Certain rules have been established in this area of the law: (a) a contract to make a will or to bequeath by will, as other contracts, must be established by proof of an offer, an acceptance and legal consideration (Reynolds v. Williams, 282 Pa. 148, 127 A. 473; Kocher Estate, 354 Pa. 81, 46 A.2d 488; Goldstein Estate, 384 Pa. 1, 119 A.2d 278); (b) the terms of the contract must be shown with certainty and lucidity (Soffee v. Hall, 377 Pa. 306, 105 A.2d 144; Hook's Estate, 207 Pa. 203, 56 A. 428); (c) the evidence must be scrutinized with great care (Burgess v. Burgess, 109 Pa. 312, 1 A. 167; Bradshaw's Estate, 243 Pa. 114, 89 A. 831; Stafford v. Reed, supra); (d) there must be "direct evidence" in proof of the contract (Calvert v. Eberly, 302 Pa. 152, 156, 153 A. 146; Consentino v. Vittoria, 394 Pa. 538, 541, 147 A.2d 839); (e) as in the case of other claims against a decedent's estate, the evidence in proof of the contract, must be "clear, direct, precise and convincing" (Petro v. Secary Estate, 403 Pa. 540, 170 A.2d 325; Klemow Estate, 411 Pa. 136, 140, 191 A.2d 365); (f) the presumption that arises with respect to wages and salaries that such have been periodically paid becomes irrelevant if and when an express oral contract
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to pay after death for services rendered has been established: Lach v. Fleth, 361 Pa. 340, 351, 64 A.2d 821; Szusts v. Krawiec, 144 Pa. Superior Ct. 530, 19 A.2d 495.
Lastly, in Ackerman v. Fisher, 57 Pa. 457, 459, this Court stated: "Not only must the terms and conditions of the contract . . . be well and clearly defined, but it has been held, that the contracting parties must be brought together face to face. The witnesses must have heard the bargain when it was made, or must have heard the parties repeat it in each other's presence. A contract is not to be inferred from the declarations of one of the parties." The language of Edwards v. Morgan, 100 Pa. 330, 336, would appear to limit the Ackerman rule to situations where the claimant and decedent bear a very close family relationship. See also: Poorman v. Kilgore, 26 Pa. 365, 372; Burgess v. Burgess, 109 Pa. 312, 317, 1 A. 167; Glass v. Tremellen, 294 Pa. 436, 438, 144 A. 413; Kirk v. Ford, 330 Pa. 579, 581, 587, 200 A. 26; Moffitt v. Moffitt, 340 Pa. 107, 111, 16 A.2d 418. However, our research indicates that, even though the Ackerman rule has most often been applied in situations where the claimant and decedent are closely related, such as son and father, the rule applicable generally is that "loose declarations made to outside parties, indefinite understandings, suggested gratuities, anticipated benefactions, testamentary intentions, not carried out, about which there may be some vague and unconvincing testimony" are not sufficient to establish a contract to make a will in a particular manner. There must be shown by believable testimony that the decedent, in the presence of the claimant, made statements, in the form of a promise or offer, upon which the claimant could reasonably be expected to act in reliance on such statements.*fn3 Such a rule is sound because a contract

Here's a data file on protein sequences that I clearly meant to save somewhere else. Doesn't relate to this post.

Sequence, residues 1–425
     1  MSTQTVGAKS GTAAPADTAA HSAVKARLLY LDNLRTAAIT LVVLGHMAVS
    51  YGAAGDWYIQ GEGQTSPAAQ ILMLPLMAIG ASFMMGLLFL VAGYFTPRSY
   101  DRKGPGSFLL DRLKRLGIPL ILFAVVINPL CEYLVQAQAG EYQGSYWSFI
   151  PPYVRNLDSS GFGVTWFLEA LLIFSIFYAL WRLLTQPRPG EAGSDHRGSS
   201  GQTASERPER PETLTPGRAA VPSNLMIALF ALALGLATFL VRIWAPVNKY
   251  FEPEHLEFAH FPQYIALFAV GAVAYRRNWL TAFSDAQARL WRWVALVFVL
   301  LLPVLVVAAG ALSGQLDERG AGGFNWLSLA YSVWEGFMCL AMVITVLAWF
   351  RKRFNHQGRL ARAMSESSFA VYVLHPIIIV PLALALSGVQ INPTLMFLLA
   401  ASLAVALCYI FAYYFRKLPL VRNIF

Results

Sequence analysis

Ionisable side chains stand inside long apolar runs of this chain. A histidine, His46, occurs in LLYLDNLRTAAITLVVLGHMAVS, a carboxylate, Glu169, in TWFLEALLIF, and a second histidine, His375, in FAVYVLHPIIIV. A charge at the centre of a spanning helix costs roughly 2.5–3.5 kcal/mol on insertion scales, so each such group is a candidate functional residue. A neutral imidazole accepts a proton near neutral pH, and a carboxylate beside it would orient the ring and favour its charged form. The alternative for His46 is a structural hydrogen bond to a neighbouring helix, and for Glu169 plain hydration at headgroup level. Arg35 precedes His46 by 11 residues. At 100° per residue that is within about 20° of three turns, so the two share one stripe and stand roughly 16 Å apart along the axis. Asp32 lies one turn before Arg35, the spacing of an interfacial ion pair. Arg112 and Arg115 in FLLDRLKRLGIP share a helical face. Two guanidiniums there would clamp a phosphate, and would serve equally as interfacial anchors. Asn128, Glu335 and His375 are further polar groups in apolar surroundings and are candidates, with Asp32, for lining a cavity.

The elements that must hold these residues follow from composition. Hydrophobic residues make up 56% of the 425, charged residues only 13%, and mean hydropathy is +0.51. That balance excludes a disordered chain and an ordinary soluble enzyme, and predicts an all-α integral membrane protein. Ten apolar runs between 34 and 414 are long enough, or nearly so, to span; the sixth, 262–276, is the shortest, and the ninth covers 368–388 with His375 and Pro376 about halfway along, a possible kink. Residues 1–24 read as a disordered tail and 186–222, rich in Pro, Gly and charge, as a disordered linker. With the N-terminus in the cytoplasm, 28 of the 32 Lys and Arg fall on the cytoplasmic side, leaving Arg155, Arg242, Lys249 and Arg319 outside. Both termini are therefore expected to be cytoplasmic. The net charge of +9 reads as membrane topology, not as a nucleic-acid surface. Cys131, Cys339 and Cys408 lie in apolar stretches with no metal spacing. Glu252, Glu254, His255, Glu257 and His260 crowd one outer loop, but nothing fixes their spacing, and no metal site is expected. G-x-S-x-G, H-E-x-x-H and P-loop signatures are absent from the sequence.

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to bequeath by will must be shown as any other contract must be shown; essential to such proof is evidence that the minds of the parties met on the terms of the contract and, absent any proof that decedent made a statement or statements amounting to the requisite promise or offer, to the claimant or in his presence, upon what basis can it be said that the claimant-promisee, either by word or by act, accepted a noncommunicated promise or offer?
Claimant's evidence falls into two categories: (a) statements or declarations made by decedent in the presence of the claimant and (b) statements or declarations made by decedent outside the presence of the claimant. The latter statements or declarations per se do not prove the existence of the contract and are admissible only as corroborative evidence and then only if there is evidence of statements or declarations made in the presence of the claimant: Snively Estate, 154 Pa. Superior Ct. 437, 441, 36 A.2d 193. Under the first category, we have the testimony of Miss Helen Fahringer, claimant's sister, and of Mr. and Mrs. Albert Miller, long-time friends of decedent; under the second category, we have the testimony of seven witnesses -- four bank employees, two friends of decedent and claimant's present employer.
Helen Fahringer testified that claimant was graduated from high school in 1932 and that she was financially able to send claimant to business school and wanted him to attend such a school; that, about a week subsequent to claimant's graduation from high school, she had a conversation with decedent in the course of which she told decedent that she wanted to send claimant to school and that decedent said that "he absolutely was not to go to no school, that he would never need to worry, he will be taken care of for the rest of his life"; that, up until that time, the claimant had been interested in going to business school, but that "after